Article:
Going green can also help your property attract the 43 million self-proclaimed "eco-tourists." Surveys have found that these travelers are willing to pay 8.5% more to environmentally sensitive travel providers. Over 90 percent of U.S. travelers surveyed by the travel publisher Travel Zoo said they would choose a green, environmentally conscious hotel over a non-sustainable, non-green hotel if it was comparable in price. In my opinion, analyzing the cost benefit of a green hotel is still relative to the market conditions and real estate. While the cost of building a green hotel or LEED certified hotel is still more expensive than a traditional building, the cost has come down considerably. There are many advantages of a LEED certified hotel. There are still many federal and state programs with tax incentive programs, making LEED certification a good business decision as well as the right thing to do environmentally.

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Eco-Friendly Practices: Corporate Social Responsibility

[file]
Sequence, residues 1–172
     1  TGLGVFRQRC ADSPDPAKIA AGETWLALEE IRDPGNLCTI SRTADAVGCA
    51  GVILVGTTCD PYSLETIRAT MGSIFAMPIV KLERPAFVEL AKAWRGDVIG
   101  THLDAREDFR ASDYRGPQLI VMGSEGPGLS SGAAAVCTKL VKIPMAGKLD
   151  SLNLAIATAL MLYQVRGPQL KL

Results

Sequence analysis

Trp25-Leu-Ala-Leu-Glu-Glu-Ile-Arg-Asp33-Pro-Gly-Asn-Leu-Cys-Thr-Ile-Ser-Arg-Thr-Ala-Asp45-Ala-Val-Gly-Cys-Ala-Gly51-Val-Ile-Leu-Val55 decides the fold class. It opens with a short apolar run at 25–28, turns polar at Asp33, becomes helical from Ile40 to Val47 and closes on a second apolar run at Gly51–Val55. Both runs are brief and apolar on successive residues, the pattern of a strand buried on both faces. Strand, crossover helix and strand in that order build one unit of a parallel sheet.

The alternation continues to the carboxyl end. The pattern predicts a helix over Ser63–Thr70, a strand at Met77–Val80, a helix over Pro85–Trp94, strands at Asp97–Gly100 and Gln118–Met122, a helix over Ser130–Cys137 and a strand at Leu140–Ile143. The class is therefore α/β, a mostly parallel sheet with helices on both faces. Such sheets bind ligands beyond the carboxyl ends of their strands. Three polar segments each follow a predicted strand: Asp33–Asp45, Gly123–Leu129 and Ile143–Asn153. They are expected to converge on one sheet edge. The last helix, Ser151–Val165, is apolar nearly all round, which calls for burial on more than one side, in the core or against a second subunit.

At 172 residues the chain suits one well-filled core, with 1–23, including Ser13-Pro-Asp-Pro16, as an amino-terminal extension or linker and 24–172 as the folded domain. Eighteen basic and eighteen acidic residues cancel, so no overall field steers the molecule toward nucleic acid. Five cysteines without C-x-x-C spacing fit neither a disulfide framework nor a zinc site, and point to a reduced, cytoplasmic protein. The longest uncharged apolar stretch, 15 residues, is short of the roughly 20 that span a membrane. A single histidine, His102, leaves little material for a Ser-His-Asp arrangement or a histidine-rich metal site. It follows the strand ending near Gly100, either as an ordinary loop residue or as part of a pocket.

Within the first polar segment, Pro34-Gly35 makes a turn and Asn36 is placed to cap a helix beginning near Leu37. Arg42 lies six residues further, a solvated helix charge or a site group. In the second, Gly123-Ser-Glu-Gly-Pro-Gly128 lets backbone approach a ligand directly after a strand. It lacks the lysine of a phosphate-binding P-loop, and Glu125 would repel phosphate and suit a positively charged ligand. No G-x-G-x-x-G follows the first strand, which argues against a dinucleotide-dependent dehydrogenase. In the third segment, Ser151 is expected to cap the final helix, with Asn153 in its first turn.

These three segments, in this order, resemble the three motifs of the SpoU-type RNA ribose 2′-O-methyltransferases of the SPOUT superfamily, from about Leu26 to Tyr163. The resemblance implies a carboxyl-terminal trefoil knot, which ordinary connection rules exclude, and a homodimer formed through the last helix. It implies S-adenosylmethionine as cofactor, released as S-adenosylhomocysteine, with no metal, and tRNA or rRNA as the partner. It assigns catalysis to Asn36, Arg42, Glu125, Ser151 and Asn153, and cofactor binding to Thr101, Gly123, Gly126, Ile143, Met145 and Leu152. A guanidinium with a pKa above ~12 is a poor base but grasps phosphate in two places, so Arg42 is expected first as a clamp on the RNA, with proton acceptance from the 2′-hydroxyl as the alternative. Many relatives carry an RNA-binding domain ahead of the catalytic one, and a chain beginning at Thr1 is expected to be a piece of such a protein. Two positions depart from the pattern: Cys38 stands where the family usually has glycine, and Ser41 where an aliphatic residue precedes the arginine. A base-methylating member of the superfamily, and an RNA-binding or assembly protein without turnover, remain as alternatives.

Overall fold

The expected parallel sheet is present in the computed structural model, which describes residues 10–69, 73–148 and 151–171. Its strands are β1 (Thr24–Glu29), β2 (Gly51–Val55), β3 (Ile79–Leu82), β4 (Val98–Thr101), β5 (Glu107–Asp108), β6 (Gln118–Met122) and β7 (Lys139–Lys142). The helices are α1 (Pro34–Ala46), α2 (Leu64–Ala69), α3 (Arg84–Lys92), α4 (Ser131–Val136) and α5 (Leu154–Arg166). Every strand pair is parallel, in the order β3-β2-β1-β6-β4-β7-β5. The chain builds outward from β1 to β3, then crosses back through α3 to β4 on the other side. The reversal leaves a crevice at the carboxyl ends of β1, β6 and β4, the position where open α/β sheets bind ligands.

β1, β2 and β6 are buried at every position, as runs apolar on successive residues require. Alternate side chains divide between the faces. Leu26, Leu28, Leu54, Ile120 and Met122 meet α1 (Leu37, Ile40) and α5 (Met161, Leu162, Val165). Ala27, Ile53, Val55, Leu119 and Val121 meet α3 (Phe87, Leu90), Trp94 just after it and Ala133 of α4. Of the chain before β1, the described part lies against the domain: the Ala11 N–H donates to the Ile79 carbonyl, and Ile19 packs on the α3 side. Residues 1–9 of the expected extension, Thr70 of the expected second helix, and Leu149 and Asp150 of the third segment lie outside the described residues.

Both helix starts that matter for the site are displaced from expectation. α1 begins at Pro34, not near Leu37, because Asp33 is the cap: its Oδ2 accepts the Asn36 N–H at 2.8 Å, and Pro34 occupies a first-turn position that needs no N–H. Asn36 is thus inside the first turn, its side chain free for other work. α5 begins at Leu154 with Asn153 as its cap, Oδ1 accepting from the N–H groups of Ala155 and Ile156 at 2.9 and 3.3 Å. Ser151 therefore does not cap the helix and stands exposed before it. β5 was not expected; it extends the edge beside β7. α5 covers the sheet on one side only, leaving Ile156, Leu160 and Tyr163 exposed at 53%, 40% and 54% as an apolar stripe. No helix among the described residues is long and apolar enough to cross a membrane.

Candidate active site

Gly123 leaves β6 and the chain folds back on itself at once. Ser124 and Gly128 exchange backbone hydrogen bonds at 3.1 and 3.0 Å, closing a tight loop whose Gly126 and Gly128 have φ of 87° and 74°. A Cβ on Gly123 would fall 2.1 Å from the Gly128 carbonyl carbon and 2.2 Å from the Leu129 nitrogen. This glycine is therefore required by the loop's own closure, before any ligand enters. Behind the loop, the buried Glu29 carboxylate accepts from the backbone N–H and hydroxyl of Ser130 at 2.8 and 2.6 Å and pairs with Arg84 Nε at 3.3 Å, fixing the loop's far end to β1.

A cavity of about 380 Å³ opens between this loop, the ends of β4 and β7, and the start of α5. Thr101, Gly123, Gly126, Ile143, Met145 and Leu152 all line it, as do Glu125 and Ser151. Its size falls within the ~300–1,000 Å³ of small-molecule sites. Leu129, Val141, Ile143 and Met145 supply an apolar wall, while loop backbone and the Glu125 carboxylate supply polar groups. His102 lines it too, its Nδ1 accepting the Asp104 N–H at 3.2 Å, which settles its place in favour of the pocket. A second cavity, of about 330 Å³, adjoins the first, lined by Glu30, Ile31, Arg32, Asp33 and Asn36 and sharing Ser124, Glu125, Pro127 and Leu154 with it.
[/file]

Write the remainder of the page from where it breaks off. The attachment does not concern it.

The hotel industry has undertaken a long-term effort to build more responsible and socially conscious businesses. What began with small efforts to reduce waste - such as paperless checkouts and refillable soap dispensers - has evolved into an international movement toward implementing sustainable development practices. In addition to establishing themselves as good corporate citizens, adopting eco-friendly practices is sound business for hotels. According to a recent report from Deloitte, 95% of business travelers believe the hotel industry should be undertaking “green” initiatives, and Millennials are twice as likely to support brands with strong management of environmental and social issues. Given these conclusions, hotels are continuing to innovate in the areas of environmental sustainability. For example, one leading hotel chain has designed special elevators that collect kinetic energy from the moving lift and in the process, they have reduced their energy consumption by 50%  over conventional elevators. Also, they installed an advanced air conditioning system which employs a magnetic mechanical system that makes them more energy efficient. Other hotels are installing Intelligent Building Systems which monitor and control temperatures in rooms, common areas and swimming pools, as well as ventilation and cold water systems. Some hotels are installing Electric Vehicle charging stations, planting rooftop gardens, implementing stringent recycling programs, and insisting on the use of biodegradable materials. Another trend is the creation of Green Teams within a hotel's operation that are tasked to implement earth-friendly practices and manage budgets for green projects. Some hotels have even gone so far as to curtail or eliminate room service, believing that keeping the kitchen open 24/7 isn't terribly sustainable. The May issue of the Hotel Business Review will document what some hotels are doing to integrate sustainable practices into their operations and how they are benefiting from them.